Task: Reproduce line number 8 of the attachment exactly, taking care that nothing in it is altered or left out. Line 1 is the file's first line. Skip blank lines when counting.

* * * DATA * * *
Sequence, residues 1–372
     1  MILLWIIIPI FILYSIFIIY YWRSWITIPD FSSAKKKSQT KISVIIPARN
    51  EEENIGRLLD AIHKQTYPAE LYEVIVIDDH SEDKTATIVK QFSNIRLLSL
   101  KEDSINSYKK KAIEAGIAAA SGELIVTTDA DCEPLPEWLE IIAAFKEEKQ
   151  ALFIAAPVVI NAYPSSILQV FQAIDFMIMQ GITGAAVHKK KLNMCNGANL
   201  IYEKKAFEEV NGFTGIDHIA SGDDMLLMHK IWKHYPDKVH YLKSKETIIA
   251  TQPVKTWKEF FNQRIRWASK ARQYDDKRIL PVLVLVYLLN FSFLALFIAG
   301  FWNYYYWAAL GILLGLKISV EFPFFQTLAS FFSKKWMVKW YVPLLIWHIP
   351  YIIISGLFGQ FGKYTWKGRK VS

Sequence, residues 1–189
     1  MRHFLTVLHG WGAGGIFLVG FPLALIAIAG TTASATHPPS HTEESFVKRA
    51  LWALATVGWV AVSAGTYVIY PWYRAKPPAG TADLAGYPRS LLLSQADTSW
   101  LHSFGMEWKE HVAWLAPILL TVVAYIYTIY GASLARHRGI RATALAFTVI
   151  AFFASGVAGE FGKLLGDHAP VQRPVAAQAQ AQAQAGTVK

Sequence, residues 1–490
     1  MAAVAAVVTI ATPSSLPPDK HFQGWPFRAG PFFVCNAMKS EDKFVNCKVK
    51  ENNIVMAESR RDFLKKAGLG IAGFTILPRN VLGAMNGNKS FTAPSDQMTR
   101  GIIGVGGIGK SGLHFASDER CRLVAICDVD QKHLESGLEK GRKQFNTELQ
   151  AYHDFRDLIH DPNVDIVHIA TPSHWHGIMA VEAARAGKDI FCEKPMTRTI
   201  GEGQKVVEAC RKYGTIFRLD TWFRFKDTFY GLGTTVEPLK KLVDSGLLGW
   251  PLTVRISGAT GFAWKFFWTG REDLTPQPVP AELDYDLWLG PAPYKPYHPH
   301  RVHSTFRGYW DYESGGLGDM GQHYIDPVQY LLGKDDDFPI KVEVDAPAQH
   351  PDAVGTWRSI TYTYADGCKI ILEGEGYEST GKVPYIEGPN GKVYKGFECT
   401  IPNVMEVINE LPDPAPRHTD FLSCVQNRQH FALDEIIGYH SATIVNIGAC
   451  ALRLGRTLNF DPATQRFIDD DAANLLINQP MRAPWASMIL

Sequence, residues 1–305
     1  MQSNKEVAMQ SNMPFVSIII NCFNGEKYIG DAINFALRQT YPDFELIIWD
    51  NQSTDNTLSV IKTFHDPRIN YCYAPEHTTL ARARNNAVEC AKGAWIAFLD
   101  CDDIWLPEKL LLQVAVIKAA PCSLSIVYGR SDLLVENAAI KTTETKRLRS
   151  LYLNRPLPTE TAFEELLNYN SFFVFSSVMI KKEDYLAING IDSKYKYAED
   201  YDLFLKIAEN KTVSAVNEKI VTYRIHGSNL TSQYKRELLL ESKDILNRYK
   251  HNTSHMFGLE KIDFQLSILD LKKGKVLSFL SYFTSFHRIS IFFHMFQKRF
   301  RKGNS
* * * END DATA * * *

   301  FWNYYYWAAL GILLGLKISV EFPFFQTLAS FFSKKWMVKW YVPLLIWHIP